“She will be here for lunch,” her mother replied.  “I’ve already told you a hundred times.

“Did you want another book?” Ambrosia whispered to her doll.

“Yes,” she answered for it.

Ambrosia’s mother took another picture and then she left the room.

            When Ambrosia’s mother returned to her daughter’s bedroom about a half an hour later, the little girl was still playing in her library.  All around the room, dolls and stuffed animals were propped in front of open books.

            “Ambrosia,” her mother said, “look who’s here.”

            “Shhh,” Ambrosia said, putting her finger in front of her lips.  “Emily said you can only whisper in the library.”

            “I’m sorry,” her mother whispered back.  “I forgot.”

            Before her mother finished apologizing, Ambrosia stood up and ran across the room and hugged the dark-haired woman standing next to her mother.  “Aunt Jane,” she said.  “Look.  I made a building of books.  It’s just like the library.”

            “So I see,” Aunt Jane replied.  She looked at the large ring of books surrounding the dictionary.  “It looks like every book in the house is in here,” she said.

            “Yes,” Ambrosia agreed.  “I made a library.”  The youngster turned to her mother and asked, “Can we eat now, Mommy?  Then we can go to the library.”

            Ambrosia’s mother tussled her daughter’s blond hair.  “Yes, we can eat now.”  And the three of them went to the kitchen to eat.

            All through lunch, Ambrosia told her mother and Aunt Jane to hurry.  She was so busy hurrying them with their lunches that she ate little of her own meal: just two bites of her sandwich, three swallows of milk, and one potato chip.

            “Aren’t you going to finish your sandwich?” her mother asked.

            “No, I’m all full,” Ambrosia replied.  She looked at her mother’s plate and then at her aunt’s.  Both were empty.  “Can we go now?”

            “Have you washed your face and hands?” her mother asked.

            “Aw, Mommy,” Ambrosia asked, “do I have to?”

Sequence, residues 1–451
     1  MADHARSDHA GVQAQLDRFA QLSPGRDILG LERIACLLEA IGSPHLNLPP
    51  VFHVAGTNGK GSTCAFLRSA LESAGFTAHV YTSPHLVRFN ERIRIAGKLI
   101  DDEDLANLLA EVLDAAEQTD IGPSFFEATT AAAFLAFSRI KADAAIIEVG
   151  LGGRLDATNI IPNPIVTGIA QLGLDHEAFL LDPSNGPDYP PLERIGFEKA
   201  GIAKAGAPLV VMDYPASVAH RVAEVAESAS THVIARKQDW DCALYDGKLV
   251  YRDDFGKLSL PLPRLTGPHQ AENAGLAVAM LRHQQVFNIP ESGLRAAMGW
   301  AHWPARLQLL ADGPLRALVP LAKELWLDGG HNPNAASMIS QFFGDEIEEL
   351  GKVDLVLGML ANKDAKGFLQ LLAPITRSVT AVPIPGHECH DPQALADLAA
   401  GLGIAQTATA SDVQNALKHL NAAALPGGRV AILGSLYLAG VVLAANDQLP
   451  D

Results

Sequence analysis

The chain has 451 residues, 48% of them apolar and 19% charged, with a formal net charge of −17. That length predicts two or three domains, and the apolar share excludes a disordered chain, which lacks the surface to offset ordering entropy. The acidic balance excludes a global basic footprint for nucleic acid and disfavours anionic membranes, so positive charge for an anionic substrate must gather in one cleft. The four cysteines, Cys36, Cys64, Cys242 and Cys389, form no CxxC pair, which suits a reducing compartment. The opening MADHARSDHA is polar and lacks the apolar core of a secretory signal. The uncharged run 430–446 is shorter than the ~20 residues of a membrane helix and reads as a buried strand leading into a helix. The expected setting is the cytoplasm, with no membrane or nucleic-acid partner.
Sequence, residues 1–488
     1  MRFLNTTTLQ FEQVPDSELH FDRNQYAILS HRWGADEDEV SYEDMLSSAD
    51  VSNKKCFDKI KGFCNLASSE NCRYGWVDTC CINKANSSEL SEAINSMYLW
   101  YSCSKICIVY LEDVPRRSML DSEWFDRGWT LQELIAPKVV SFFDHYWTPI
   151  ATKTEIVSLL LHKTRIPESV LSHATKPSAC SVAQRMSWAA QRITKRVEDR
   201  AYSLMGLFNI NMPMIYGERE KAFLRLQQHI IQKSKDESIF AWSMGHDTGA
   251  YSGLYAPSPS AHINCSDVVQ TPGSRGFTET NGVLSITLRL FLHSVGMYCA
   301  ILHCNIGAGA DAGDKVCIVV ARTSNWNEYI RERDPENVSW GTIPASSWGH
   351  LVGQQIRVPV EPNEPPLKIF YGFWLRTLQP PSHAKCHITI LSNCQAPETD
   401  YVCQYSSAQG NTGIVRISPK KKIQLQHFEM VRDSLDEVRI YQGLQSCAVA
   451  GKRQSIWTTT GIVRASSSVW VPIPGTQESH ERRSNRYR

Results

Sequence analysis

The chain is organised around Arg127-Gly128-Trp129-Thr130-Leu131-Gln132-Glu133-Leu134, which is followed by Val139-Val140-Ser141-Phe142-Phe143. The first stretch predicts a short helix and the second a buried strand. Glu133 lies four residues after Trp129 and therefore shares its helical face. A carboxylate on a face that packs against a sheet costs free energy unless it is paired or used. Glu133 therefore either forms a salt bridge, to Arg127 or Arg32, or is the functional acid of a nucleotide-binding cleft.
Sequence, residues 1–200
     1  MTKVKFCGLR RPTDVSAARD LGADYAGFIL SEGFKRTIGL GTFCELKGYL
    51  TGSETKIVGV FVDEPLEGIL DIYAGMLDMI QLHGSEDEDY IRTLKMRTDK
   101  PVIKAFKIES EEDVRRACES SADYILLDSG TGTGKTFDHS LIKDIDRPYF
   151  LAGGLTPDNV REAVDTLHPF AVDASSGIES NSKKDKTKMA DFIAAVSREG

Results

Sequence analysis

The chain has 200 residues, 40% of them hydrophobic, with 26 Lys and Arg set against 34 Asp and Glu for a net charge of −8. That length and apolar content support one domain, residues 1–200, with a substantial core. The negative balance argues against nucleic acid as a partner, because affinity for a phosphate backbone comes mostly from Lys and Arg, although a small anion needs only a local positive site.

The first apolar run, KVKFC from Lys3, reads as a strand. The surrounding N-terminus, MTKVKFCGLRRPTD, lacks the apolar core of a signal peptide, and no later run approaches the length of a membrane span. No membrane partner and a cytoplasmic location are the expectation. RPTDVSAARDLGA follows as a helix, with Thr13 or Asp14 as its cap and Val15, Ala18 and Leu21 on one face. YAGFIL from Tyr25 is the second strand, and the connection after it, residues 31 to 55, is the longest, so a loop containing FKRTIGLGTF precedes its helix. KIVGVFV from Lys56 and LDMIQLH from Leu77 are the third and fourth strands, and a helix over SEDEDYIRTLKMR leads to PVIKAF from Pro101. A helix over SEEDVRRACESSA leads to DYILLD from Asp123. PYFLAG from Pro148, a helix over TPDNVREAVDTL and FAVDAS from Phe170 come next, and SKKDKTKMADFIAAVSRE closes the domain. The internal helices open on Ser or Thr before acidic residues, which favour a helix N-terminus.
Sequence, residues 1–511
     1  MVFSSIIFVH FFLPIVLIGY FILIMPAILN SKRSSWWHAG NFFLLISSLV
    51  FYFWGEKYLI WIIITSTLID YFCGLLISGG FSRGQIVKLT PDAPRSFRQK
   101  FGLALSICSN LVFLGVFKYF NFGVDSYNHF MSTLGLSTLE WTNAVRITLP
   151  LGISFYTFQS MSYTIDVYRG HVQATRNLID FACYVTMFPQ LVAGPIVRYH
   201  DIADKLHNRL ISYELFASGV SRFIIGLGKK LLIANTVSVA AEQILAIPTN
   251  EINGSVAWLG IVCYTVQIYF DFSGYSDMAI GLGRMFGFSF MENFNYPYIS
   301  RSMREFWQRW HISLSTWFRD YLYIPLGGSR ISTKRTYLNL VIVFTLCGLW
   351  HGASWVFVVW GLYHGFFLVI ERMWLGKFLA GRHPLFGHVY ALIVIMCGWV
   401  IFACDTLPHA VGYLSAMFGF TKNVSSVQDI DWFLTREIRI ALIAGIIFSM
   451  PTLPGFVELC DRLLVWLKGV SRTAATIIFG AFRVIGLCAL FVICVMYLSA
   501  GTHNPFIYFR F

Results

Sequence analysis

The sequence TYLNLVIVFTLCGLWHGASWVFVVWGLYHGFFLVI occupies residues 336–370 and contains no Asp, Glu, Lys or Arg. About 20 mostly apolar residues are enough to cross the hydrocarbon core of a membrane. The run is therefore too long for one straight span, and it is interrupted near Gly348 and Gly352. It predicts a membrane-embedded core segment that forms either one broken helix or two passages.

“Of course,” her mother replied.  “And so do we.”

            Ambrosia darted off to the bathroom to wash up.  Her mother and aunt laughed as she scampered out of the room.

            On the way to the library, Ambrosia sat in the back seat.  She clutched her pink, plastic purse in her hands.  Her new library card was inside, in her little, red-leather wallet.  At every stop sign or traffic signal, she anxiously looked out the window.  “Are we there yet?” she would ask. 

            “No, not yet,” replied her mother. 

            Or, “Soon,” replied Aunt Jane.

            When the car came to a stop in the parking lot of a large, gray building, Ambrosia looked around.  “Why are we stopping here, Mommy?”

            “We’re at the library,” her mother said.

            “Where is it?” the youngster asked.

            “It’s right in front of us,” her mother answered, pointing to the gray building.

            Ambrosia frowned.  “It doesn’t look like a library to me,” she said.  “I don’t see a building of books.”

            “That’s because the books are inside,” Aunt Jane said

            “Inside,” Ambrosia repeated.  She was disappointed.

            “Yes,” her mother replied.

            And Ambrosia’s expression brightened a little as she thought about all the books that would be inside the big, gray building.  She unbuckled her seatbelt and climbed out of the car.  She took her mother’s hand and hurried her around to the front of the building.  A long set of stone steps led up to the doorway.  Huge gray columns towered above the steps.  Ambrosia was too anxious to get inside to notice how many steps there were or how hard it was for her mother to keep up with her.

            “Slow down, Honey,” her mother said between gulps for air.  “I can’t run up steps the way you do.”

            Ambrosia said, “Okay,” but she only slowed down a little.

            Aunt Jane had to help push the revolving door.  It was so big and so heavy.  It was made of large panes of glass.  Inside the revolving door was a huge, dimly lit room.  A wide staircase was on the left.  And across the room was a large counter.  There were more lights at the counter, where several people stood.